Linette: And then what that did was really allow us real women that are in the book to do some really cool stuff. So you mentioned the YMCA. So there are again it all ties back into WEN. So there are four women from the WEN Boston chapter who are in the book, and there are WEN women throughout other other chapters that are in the book, and so we did a series of book signings throughout the country. And so what we did in Boston was the four of us went to the Chinatown YMCA in Boston and met with the after school kids there and did a whole science project day with wind turbine in the gym area, while we also did a book signing and reading of the book, and we got to read our own page to the kids in the room and answer their questions about our jobs. And the kids were so excited that they actually got to take one of these books home and we signed the page and like just so much excitement and this area of Boston is primarily a very immigrant community. Primarily blue collar community. And so the kids really lit up like, Oh, I get to take a book home with me today? They were so excited. Also I’m from Northern Maine, right. And so I took several copies of the book to my hometown library, and the girl at the library was like, Oh my gosh, will you sign it? I didn’t know I went to high school where a celebrity went to school. Hang on we’re not actually celebrities in this book. So you’re right like us being actual real people in the book has led to a lot of really cool actual like interpersonal engagements to to amplify and bring in that further pipeline of women coming into the energy space.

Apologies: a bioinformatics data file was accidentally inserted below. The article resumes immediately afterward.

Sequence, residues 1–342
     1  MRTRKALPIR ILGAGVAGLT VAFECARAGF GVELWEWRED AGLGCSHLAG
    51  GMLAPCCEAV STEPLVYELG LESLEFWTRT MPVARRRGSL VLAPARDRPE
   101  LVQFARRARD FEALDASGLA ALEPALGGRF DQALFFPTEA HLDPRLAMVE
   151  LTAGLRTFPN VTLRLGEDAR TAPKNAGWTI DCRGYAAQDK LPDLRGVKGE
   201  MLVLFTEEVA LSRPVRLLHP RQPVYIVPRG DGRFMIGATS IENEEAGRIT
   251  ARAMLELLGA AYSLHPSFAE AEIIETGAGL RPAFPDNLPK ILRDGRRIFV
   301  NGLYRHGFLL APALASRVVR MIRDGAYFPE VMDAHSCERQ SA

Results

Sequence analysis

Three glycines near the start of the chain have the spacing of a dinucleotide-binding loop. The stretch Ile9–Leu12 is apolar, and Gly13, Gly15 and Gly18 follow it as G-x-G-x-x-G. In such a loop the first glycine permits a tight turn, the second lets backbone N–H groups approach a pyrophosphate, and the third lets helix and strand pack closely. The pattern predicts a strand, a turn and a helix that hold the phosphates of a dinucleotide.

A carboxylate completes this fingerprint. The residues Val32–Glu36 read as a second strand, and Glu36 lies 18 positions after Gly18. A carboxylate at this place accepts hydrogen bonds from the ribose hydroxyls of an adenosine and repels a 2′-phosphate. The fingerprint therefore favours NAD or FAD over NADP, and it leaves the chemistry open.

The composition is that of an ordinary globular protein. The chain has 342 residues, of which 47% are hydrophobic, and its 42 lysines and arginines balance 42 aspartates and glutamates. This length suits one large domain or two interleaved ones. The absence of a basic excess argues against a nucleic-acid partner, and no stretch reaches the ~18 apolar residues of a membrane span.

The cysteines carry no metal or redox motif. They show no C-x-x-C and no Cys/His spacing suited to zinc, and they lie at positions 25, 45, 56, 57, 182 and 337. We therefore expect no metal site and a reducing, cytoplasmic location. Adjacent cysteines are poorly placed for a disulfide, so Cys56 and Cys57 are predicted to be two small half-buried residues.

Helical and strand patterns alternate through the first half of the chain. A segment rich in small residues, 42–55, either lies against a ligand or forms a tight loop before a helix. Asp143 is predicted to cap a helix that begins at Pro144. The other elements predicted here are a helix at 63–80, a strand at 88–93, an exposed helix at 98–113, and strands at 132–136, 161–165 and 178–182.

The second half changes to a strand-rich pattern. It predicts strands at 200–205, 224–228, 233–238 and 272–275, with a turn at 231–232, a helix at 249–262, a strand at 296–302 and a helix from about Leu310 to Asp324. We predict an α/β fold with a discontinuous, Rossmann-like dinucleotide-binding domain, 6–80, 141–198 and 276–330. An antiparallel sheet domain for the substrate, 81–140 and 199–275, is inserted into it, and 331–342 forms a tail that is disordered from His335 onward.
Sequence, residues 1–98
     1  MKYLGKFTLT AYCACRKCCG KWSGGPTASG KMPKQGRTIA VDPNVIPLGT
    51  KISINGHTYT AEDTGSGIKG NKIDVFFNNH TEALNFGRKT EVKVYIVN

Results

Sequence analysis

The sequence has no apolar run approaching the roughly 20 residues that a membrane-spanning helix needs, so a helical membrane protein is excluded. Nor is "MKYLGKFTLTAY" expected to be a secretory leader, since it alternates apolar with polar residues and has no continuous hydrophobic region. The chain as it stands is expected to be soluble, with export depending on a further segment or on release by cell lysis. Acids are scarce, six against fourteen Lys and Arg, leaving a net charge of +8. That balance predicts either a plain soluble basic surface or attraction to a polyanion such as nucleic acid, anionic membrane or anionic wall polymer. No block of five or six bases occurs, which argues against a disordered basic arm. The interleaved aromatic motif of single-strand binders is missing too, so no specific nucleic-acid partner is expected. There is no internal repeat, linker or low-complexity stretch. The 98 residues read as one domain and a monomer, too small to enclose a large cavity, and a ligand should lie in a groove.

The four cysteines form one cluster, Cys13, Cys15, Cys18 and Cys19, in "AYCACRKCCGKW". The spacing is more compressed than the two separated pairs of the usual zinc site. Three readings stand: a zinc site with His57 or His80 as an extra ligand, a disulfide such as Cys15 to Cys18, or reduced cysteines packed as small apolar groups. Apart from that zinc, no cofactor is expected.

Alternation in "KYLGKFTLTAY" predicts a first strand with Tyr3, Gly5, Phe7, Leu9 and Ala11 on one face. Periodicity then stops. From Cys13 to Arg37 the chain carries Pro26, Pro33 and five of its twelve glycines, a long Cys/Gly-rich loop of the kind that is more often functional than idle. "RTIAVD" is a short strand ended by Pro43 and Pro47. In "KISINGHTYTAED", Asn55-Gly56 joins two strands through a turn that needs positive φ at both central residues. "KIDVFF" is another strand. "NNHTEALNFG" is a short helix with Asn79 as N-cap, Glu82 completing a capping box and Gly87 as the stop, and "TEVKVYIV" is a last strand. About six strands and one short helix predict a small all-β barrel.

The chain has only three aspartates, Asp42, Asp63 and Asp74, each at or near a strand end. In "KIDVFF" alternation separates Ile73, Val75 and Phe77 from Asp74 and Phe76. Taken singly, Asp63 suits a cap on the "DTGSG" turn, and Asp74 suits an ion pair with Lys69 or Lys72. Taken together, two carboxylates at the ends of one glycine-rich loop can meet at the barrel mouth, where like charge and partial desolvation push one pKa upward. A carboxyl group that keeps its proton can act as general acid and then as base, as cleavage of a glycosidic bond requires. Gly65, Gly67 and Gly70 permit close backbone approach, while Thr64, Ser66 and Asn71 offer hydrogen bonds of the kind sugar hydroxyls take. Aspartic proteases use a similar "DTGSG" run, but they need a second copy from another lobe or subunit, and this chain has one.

Catherine: Well, thank you so much for talking with us today and all that you’re doing in our industry.

Linette: Thank you for having me. This is a lot of fun.